The spread of the COVID-19 virus is threatening the health of our communities and causing widespread disruption to daily life. The ACLU of Arkansas is committed to continuing to defend your constitutional rights during this crisis. We are watching to make sure the government’s response is grounded in science and staying vigilant against attempts to unnecessarily infringe on civil liberties.

Throughout, we will be actively monitoring attempts to unnecessarily infringe on civil liberties and working around the clock to keep our community safe and free during this challenging situation. 

Here you will find information about the ACLU’s response to COVID-19, including news updates, blog posts, guidelines, and letters to public officials—as well as other resources. 

Voting Rights 

One of our top priorities is making sure Arkansans can continue to participate in our democracy.

In response to the virus, the State Board of Elections has announced that ALL eligible voters can now vote absentee in the upcoming March 31 runoff elections being held in Arkansas, Benton, Conway, Craighead, Garland, Grant, Greene, Hot Spring, Jefferson, Lonoke, Saline and White counties. Even during these uncertain times, it’s still critical that we exercise our right to vote. We are encouraging voters to vote by mail if possible to avoid unnecessary contact with others. 

Incarcerated People and Vulnerable Populations 

Another priority is to protect vulnerable populations including people in Arkansas jails and prisons who are especially susceptible to this disease. In communications with Governor Hutchinson and other state and local officials, we have outlined a sweeping set of urgent recommendations – from releasing vulnerable individuals in detention and reducing arrests to issuing a moratorium on evictions.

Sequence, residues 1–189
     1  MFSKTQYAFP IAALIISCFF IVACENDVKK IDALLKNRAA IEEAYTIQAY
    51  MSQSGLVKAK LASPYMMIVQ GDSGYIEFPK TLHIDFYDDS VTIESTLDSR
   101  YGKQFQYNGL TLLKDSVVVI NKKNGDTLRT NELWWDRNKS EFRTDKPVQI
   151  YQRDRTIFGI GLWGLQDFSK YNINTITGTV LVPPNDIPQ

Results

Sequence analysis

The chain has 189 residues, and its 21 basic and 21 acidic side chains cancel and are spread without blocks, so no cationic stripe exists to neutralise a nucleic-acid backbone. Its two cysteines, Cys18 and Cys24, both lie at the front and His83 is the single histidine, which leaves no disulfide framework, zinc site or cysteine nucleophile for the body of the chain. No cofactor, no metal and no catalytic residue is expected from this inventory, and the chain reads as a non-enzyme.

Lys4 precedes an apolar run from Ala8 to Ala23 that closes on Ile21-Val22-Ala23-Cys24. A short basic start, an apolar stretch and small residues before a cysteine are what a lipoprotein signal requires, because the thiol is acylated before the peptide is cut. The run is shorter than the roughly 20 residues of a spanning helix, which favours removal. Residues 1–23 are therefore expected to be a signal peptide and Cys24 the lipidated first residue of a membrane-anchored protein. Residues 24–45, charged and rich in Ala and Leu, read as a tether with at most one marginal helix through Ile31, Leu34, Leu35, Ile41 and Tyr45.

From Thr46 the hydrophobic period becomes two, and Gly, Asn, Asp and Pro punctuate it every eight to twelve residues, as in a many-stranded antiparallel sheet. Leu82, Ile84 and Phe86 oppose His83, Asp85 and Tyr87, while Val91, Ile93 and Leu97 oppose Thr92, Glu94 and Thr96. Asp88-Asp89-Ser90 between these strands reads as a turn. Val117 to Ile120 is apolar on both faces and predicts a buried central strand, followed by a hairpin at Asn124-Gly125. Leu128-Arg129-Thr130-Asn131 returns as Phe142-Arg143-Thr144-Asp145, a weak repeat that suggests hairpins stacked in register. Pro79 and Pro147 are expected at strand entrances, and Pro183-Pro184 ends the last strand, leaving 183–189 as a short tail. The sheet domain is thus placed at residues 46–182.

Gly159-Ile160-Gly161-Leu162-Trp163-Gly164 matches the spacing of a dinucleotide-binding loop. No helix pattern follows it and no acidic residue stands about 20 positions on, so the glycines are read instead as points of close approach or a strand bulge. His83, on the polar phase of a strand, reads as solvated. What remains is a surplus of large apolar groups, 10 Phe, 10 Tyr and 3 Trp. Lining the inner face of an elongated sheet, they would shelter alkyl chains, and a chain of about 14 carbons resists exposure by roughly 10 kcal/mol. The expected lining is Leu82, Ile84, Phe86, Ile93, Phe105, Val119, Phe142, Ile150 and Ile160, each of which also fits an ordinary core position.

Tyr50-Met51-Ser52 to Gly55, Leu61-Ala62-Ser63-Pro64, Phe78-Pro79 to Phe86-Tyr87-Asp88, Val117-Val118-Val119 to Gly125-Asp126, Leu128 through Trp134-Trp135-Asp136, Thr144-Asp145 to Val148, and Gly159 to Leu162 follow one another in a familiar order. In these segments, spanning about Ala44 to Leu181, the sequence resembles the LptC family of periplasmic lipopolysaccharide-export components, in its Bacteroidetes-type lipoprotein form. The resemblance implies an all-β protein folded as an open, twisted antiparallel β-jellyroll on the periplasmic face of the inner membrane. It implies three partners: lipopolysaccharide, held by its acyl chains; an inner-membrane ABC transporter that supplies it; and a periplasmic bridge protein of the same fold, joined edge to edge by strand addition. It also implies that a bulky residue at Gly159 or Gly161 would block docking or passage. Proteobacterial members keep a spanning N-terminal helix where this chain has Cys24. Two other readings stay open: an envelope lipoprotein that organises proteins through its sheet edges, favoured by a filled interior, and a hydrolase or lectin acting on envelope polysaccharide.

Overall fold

No one should be afraid to seek medical care for fear of immigration enforcement. Immigration and Customs Enforcement (ICE) has stated that it does not conduct enforcement operations at medical facilities, except under extraordinary circumstances. In addition, ICE should halt immigration detentions to limit the spread of the virus in jails and detentions centers and to limit the hardships that the virus causes for immigrant communities. 

People Experiencing Homelessness 

People experiencing homelessness are especially vulnerable both to the virus and to state and local regulations like curfews and lockdowns. Law enforcement must not cite unsheltered people for violations of these regulations where those alleged violations are a result of their being unsheltered. 

Officials who want to limit the spread of the virus among people who are not sheltered can take steps to secure temporary housing to allow them to self-isolate. Cities can assist local shelters and food banks to ensure supplies are plentiful and that the services they provide can be continued in a safe, efficient manner. 

Working people

In order to encourage all people to cooperate with health officials and public health guidelines, government and employers must ensure that people are protected from job loss and economic hardship. The ACLU of Arkansas has called for a halt to all eviction activities to protect people from being expelled from their homes during this crisis. Government and employers must provide social and economic protection including strong paid family and medical leave policies and income support.